Amid the insanely crowded commuter rail lines in Mumbai, India's biggest city, some cars are set aside, Atlas Obscura reports.
All trains have at least one “Ladies Compartment,” reserved for women and young children only. And there is also at least one Handicapped Compartment, or HC, on every train.
HCs, with their extra space, allow people with disabilities and chronic illnesses to travel without having to fight for a place to stand. But for the deaf, there's another benefit: they can sign, which would be almost impossible in the other cars.
“In the general compartments it was so crowded that when there was a deaf person with you, you could sign only small signs above people’s heads,” one traveler said. "Hearing people can chat with each other…[but] deaf people cannot communicate that way.”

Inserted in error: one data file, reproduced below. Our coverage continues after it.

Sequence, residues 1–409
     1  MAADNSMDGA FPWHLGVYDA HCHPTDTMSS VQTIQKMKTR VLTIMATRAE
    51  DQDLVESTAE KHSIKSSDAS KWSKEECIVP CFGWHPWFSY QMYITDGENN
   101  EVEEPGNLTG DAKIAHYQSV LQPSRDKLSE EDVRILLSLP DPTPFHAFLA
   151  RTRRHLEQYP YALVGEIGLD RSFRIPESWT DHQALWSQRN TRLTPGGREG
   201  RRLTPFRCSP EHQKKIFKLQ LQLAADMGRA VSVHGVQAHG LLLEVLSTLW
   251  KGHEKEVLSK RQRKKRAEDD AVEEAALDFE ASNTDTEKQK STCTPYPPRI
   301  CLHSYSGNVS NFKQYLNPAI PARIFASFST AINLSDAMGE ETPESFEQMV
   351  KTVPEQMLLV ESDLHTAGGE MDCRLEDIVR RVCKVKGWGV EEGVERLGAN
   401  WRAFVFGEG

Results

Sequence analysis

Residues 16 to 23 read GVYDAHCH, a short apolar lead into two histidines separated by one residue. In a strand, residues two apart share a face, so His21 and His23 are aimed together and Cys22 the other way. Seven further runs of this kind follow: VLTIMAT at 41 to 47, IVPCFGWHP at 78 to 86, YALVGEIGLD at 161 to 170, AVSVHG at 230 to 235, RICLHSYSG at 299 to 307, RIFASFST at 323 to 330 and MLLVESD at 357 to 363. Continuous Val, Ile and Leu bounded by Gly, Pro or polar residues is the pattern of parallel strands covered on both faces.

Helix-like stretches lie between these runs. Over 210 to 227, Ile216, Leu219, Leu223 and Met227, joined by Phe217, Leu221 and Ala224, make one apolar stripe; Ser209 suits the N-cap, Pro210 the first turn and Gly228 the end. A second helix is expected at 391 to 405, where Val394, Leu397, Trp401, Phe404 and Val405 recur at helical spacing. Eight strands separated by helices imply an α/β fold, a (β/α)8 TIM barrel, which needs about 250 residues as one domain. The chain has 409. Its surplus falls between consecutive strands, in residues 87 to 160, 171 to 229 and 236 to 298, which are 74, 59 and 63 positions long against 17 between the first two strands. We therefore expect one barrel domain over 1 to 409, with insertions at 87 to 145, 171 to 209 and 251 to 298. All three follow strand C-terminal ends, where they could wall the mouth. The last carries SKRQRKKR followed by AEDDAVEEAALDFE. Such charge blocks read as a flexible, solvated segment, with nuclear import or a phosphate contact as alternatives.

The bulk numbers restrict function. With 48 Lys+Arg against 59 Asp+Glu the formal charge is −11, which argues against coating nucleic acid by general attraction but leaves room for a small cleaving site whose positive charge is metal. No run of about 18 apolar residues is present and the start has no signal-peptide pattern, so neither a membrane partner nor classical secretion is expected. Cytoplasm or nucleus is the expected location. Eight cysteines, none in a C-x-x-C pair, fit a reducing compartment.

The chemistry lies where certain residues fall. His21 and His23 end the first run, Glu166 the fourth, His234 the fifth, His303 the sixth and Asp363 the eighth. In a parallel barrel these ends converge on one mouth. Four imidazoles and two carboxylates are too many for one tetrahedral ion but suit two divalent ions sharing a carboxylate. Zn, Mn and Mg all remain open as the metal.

In the less crowded HCs, there's room for conversation.
Here's how it works: a deaf person will enter an HC and begin carving out space for other deaf people, texting friends to let them know which car they’re in, or when they’ll be coming through a station. As more deaf people hop on the train, they’ll form a group in the compartment, chatting until it’s time to get off.
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